Patty Mills (0.4 percent), San Antonio Spurs: Mills also is benefiting from injuries, taking on a larger offensive role with Kawhi Leonard and Danny Green out of action. In coach Gregg Popovich's system, Mills' FGAs will rise and fall based on game-by-game matchups, but he is an excellent 3-point threat (40.3 career 3-point field goal percentage, 43.6 this season) and has taken at least five attempts from deep in each of his past five games. Ride him while he's hot.


Jimmy Butler (90.2 percent), Chicago Bulls: His shooting has gone from bad to downright atrocious, as he has hit just five of his past 22 shots. Despite those woes, he's been a steals machine, averaging 2.6 SPG in January. He's also averaging 41.4 MPG and 12.0 FGA per game this month, so he's not lacking for opportunity. If you need swipes and can handle the shoddy shooting, then Butler might be your Huckleberry, as a waiver pickup or via a lowball trade. Plus, I expect him to have a good two- to three-week stretch in the second half of the season when his shot is dropping and his full fantasy game comes together. You'll be glad to have him on your roster when that happens.

James Johnson (15.1 percent), Memphis Grizzlies: Johnson may not score enough to be a truly well-rounded fantasy beast, but a SF/PF who is averaging 3.5 APG, 1.9 BPG, 1.4 SPG and 0.5 3s per game is nothing to scoff at. If you're in a tight battle for steals in roto or head to head, having a power forward who can chip in 4-5 swipes a week could make a significant impact for you.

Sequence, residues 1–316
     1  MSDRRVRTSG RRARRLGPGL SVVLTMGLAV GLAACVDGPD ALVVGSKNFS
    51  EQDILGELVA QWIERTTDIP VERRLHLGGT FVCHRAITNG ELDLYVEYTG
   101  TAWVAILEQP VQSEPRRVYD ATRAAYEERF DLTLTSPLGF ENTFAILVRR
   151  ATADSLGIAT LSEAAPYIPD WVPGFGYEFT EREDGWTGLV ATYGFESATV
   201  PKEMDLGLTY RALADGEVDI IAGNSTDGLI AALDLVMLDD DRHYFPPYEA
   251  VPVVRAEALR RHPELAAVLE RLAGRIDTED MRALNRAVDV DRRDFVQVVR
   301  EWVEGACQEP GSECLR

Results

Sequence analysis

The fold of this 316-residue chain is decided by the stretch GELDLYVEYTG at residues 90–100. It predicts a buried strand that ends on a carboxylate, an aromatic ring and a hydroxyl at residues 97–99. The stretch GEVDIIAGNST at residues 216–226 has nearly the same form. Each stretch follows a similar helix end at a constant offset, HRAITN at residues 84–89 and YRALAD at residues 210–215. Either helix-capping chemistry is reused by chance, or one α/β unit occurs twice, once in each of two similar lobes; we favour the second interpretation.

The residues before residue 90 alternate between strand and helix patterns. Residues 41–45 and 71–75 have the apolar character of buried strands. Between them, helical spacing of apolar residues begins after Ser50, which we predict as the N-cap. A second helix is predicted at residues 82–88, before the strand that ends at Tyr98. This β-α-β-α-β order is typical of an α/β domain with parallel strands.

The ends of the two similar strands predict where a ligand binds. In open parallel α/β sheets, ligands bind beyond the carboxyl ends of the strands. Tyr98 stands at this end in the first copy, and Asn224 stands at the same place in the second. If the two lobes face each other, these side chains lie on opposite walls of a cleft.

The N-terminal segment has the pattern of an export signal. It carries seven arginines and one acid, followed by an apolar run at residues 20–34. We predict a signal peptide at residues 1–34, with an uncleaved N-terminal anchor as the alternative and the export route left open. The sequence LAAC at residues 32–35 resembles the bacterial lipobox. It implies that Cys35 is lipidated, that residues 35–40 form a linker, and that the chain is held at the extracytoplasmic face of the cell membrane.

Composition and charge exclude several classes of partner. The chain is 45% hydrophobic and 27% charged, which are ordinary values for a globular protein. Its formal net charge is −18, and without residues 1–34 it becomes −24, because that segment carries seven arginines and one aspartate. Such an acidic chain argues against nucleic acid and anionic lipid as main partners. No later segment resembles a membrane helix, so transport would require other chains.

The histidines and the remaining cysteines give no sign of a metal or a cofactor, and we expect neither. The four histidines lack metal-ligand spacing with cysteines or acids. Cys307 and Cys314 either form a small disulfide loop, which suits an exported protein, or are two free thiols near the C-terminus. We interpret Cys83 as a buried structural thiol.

Gerald Wallace (28.7 percent), Boston Celtics: I don't expect Crash to become a fantasy fixture the rest of the season, but with Avery Bradley and Jerryd Bayless sidelined, Wallace's role has increased. He played at least 40 minutes in two of his past three games and racked up eight swipes during that trifecta of contests. You could do worse than ride Wallace until his role inevitably dwindles again.

Khris Middleton (3.6 percent), Milwaukee Bucks: It's not surprising that a 22-year-old on a team with an ever-evolving rotation would struggle with consistency, but when he clicks, Middleton can make a mark. He had 12 steals during a recent four-game stretch and even banged down five 3s during another two-game stretch. If he can settle into a steady role going forward, Middleton could really help deep teams in need of swipes.